- One of the hardest things to determine is how long you will live. The current average life expectancy for a male is 84 years, whereas a woman is 86.6, says the Social Security Administration.
The kinds of retirement accounts you have
- You will find that there are different rules to consider for IRA withdrawals, Roth IRA withdrawals, and traditional 401 k withdrawals.
Stock and Bond returns
- Stocks tend to provide higher returns over a more extended period than bonds. Stocks tend to be more volatile than bonds and can experience large price swings in both directions. The returns from a stock investment will vary more widely than those from a bond investment. As a result, those planning for their retirement should consider the risk associated with each type of asset before committing resources to either one.
- Bond returns tend to be less volatile and often have lower maximum gains than stocks over long periods. However, they offer greater security when stock markets perform poorly, as they generally hold their value better than stocks do in such environments. Consequently, retirees might consider investing some of their retirement savings into high-quality bonds to protect against market volatility.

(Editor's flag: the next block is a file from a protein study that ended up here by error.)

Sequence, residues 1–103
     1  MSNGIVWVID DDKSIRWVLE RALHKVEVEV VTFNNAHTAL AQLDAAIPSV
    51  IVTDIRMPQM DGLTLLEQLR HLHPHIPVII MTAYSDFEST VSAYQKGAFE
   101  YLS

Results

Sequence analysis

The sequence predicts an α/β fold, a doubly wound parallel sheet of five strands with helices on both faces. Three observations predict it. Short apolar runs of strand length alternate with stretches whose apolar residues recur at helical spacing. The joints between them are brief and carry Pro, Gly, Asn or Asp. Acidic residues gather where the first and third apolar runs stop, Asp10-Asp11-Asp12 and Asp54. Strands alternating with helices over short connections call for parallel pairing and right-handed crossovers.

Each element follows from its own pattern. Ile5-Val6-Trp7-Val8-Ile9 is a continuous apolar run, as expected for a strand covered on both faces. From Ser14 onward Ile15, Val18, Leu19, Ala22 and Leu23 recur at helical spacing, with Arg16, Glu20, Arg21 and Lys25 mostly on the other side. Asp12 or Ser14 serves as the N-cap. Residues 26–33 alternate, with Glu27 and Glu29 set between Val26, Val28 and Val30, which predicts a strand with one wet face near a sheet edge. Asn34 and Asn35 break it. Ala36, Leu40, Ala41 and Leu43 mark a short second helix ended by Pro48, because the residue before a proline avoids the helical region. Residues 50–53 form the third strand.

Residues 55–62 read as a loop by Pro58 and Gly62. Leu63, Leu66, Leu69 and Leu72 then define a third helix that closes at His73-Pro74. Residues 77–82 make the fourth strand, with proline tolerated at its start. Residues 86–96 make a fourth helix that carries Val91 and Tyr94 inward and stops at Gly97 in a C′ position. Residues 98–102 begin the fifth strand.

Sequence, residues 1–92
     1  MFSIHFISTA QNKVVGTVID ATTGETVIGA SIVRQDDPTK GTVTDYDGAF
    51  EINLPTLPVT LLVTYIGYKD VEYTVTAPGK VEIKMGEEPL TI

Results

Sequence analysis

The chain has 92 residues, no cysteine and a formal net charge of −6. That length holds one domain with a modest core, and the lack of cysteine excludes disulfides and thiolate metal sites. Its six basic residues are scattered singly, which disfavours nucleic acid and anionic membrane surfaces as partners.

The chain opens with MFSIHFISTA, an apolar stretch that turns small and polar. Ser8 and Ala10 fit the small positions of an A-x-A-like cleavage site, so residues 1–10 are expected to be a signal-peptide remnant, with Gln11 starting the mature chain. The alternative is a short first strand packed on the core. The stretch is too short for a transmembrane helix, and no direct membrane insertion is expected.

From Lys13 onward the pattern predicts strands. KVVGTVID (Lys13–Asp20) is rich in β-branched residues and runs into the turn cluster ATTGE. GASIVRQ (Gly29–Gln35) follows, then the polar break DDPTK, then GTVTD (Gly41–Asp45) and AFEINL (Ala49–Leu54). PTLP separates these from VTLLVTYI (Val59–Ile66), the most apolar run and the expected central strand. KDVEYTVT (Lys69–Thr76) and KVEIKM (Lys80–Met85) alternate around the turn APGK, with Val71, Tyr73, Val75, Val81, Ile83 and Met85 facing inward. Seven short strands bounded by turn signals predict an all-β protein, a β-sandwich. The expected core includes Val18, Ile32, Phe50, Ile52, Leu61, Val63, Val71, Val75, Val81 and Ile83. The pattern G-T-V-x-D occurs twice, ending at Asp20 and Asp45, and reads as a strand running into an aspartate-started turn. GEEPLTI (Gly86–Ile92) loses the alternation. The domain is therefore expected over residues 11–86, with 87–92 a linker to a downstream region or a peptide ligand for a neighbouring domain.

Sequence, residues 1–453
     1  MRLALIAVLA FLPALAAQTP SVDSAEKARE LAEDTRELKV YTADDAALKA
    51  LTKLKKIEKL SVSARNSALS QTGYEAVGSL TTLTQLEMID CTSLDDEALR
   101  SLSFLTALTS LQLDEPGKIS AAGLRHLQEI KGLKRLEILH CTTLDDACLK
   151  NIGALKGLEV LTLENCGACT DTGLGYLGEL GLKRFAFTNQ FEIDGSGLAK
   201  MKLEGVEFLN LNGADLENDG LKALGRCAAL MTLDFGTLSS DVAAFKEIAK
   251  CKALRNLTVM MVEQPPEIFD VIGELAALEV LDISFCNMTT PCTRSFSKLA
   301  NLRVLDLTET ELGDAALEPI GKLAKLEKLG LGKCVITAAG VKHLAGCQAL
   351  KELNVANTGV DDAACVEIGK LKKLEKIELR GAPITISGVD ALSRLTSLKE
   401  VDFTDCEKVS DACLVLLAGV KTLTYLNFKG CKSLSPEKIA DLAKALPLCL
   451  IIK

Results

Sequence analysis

- Understanding the potential stock and bond returns associated with retirement withdrawals is critical for making sound financial decisions during retirement years. By including both these types of investments in their portfolio, the benefits offered are the relative safety of bonds while still benefiting from the higher return potential provided by stocks over the long term.
What do you think your living expenses will be in retirement?
- According to the Bureau of Labor Statistics, someone aged 65+ spent, on average, a little over 4k a month, coming to almost 49k a year between 2016 and 2020. Considering this number and paying attention to inflation will keep your withdrawal strategies on target.
How much do you plan to donate to charity?
- Being generous in retirement is a great way to leave a lasting legacy. Deciding early on what percentage of your income you’d like to give back can help you budget better and prevent surprises when it comes time to recommend charities.
Alternative strategies to the 4% Withdrawal
Bucket withdrawal strategy